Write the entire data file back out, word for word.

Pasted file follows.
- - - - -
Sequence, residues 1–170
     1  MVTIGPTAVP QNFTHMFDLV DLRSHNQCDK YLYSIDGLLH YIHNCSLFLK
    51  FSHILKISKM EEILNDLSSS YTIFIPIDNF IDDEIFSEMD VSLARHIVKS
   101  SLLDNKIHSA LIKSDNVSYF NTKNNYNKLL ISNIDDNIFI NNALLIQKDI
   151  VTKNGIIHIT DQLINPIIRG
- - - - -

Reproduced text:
Sequence, residues 1–170
     1  MVTIGPTAVP QNFTHMFDLV DLRSHNQCDK YLYSIDGLLH YIHNCSLFLK
    51  FSHILKISKM EEILNDLSSS YTIFIPIDNF IDDEIFSEMD VSLARHIVKS
   101  SLLDNKIHSA LIKSDNVSYF NTKNNYNKLL ISNIDDNIFI NNALLIQKDI
   151  VTKNGIIHIT DQLINPIIRG